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Reflections on a Great Profession
- To: seaint(--nospam--at)seaint.org
- Subject: Reflections on a Great Profession
- From: Stan Caldwell <stancaldwell(--nospam--at)gmail.com>
- Date: Wed, 29 Jul 2009 21:31:09 -0500
The whining expressed in some of the recent Listserv posts has motivated me to dig up a couple of my old epistles. In my view, they are both still relevant today.
One is a "From the desk of ..." editorial that I was invited to write for STRUCTURE magazine. It was published in the February 2001 Issue. If you want a copy and can't find it out there in cyberspace, just drop me a note at scaldwell(--nospam--at)halff.com
and I will send you the PDF.
What follows is a reprint of my 08/29/07 Listserv post.
In recent weeks, I have been somewhat troubled by several posts and threads that I believe have been overly critical of the profession of structural engineering. What follows is my alternate perspective, with apologies to Jeff Foxworthy.
You might be a (happy/productive/successful) structural engineer, if …
You take considerable pride in being a structural engineer. In fact, you view structural engineering as one of the "highest callings" imaginable.
You understand that a typical structural engineer plays a larger role in public safety than nearly anyone else, and you strive to practice accordingly.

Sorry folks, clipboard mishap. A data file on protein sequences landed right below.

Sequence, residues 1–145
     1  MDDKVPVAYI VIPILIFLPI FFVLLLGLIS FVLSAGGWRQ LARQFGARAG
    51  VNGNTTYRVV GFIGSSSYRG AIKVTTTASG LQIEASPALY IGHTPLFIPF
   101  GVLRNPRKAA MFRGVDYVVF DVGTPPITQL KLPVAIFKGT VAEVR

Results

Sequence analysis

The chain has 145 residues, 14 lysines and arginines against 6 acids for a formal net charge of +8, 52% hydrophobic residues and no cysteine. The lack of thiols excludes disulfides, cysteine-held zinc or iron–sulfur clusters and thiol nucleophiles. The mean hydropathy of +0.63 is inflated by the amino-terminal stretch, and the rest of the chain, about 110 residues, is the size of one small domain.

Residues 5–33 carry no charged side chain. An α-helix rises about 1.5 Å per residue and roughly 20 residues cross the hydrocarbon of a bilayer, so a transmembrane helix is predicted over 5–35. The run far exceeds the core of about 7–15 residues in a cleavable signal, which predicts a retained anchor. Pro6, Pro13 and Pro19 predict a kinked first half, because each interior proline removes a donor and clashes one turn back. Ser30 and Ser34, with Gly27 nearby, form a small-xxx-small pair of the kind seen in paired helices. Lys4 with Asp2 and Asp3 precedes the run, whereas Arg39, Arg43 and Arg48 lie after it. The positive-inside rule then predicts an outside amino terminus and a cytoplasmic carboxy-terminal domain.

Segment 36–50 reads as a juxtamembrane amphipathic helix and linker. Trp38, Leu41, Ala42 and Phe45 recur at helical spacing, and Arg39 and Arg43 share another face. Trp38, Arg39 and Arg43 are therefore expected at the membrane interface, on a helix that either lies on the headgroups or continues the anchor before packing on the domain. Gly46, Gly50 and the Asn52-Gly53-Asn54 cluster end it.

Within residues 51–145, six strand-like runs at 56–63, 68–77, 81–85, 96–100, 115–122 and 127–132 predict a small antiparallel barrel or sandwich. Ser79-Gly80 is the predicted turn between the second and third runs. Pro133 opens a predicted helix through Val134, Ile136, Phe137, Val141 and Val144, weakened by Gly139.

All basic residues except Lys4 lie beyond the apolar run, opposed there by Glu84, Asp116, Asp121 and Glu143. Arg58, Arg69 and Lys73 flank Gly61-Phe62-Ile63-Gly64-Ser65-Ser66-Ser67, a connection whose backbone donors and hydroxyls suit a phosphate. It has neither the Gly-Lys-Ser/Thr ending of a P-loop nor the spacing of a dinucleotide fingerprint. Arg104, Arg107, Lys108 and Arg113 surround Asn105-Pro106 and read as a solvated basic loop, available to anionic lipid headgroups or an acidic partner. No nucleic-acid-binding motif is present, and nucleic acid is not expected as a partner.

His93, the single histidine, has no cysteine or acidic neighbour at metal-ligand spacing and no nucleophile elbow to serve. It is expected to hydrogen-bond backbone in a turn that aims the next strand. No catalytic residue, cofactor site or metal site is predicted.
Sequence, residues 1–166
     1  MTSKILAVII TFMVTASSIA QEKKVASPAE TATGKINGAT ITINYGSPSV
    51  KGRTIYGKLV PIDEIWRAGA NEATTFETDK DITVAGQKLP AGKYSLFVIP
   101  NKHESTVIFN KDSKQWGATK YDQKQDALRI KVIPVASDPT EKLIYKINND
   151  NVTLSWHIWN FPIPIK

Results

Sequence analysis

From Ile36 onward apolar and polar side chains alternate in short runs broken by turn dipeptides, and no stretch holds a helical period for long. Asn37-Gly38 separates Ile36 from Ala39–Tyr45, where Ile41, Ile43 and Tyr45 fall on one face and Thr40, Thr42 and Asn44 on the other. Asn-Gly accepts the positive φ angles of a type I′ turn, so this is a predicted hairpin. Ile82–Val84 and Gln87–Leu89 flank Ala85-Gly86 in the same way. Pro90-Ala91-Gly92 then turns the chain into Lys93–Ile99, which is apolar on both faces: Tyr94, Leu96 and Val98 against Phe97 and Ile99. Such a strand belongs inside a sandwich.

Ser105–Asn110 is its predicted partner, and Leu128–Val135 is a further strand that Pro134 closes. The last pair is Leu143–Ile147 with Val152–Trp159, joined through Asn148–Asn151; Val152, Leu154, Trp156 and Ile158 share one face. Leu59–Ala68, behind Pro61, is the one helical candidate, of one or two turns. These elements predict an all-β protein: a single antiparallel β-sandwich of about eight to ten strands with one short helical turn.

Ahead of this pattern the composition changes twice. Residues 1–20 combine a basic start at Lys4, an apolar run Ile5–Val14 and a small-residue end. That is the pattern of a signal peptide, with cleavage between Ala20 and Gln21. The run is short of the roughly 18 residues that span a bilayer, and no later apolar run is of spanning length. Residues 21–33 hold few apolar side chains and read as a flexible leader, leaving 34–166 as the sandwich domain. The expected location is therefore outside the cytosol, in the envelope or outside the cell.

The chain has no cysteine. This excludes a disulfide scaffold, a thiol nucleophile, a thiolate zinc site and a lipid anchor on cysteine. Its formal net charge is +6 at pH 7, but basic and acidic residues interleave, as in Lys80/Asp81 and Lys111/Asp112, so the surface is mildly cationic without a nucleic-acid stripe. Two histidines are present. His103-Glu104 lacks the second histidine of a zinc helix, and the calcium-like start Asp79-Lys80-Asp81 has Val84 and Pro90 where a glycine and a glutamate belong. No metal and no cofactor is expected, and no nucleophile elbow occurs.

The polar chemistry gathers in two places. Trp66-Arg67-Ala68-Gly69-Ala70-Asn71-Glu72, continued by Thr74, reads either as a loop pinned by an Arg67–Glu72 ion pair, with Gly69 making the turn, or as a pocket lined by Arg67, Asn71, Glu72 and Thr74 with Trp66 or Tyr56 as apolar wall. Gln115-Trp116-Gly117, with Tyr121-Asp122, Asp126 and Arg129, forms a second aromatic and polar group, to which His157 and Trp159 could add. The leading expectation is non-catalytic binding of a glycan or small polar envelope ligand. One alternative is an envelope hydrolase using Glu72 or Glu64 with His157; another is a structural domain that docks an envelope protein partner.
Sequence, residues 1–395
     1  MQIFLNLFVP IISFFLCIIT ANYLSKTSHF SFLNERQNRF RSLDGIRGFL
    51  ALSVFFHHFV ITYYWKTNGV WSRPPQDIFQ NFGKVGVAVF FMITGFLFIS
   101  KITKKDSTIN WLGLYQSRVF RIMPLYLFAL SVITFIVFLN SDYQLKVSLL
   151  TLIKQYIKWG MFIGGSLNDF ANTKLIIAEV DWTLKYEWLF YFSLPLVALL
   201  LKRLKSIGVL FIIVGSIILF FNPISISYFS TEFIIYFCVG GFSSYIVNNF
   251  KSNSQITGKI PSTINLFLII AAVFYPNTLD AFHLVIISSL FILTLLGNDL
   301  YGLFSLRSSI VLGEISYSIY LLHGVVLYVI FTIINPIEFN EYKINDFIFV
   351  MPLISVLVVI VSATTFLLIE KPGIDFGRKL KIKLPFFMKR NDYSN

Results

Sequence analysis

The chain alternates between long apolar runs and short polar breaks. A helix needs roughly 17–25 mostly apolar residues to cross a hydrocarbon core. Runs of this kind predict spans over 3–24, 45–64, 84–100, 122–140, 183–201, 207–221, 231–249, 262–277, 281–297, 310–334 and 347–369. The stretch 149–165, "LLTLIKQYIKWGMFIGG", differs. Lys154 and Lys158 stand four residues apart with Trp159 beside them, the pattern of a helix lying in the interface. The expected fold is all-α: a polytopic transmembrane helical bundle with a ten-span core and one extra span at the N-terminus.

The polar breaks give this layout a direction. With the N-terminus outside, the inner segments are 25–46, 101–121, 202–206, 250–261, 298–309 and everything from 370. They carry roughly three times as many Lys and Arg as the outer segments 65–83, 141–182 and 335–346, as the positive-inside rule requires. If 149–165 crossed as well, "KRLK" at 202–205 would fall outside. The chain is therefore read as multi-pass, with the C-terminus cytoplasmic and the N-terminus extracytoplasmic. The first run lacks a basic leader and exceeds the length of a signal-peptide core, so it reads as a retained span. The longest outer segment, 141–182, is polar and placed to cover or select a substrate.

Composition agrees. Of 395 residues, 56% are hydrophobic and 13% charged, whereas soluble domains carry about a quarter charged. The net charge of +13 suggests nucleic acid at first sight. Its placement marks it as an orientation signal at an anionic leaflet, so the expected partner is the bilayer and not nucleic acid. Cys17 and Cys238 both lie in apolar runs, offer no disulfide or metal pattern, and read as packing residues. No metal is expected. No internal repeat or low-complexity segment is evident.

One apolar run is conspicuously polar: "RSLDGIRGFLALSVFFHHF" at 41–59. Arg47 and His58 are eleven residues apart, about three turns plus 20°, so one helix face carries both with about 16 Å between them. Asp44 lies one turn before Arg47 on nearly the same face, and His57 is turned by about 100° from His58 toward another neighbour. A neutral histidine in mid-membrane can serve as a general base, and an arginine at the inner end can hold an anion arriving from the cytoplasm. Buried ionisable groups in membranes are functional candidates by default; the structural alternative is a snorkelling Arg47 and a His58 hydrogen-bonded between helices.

You view structural engineering as a career, not as a job. Moreover, you view structural engineering as a profession, not simply as an occupation.
You consistently place ethics, integrity, and quality above any and all business pressures.
You strive to team effectively with those in other professions and treat them as respected peers, but you make all structural engineering decisions independently.
You take considerable pride in the tangible, constructed results of your efforts.
For the most part, you truly love your work and genuinely wake up each day looking forward to going to your place of employment.
You typically work somewhat in excess of 40 hours/week because you want to, and you couldn't care less about "the clock".
You expect to be fairly compensated with a salary and bonus based on the value of what you accomplish, not with a wage based on the hours that you spend.
You understand and accept the obligation to eventually give something back to the profession of structural engineering through financial contributions, active participation in professional organizations, or some other means.
I created this list in an hour or so and made no attempt to massage it. Some of the words could undoubtedly be improved, and other attributes/attitudes might very well be worthy of inclusion. Nevertheless, based on my experience as a happy, productive, and successful structural engineer, I firmly believe in the validity and importance of the ten points above.
Stan R. Caldwell, P.E., SECB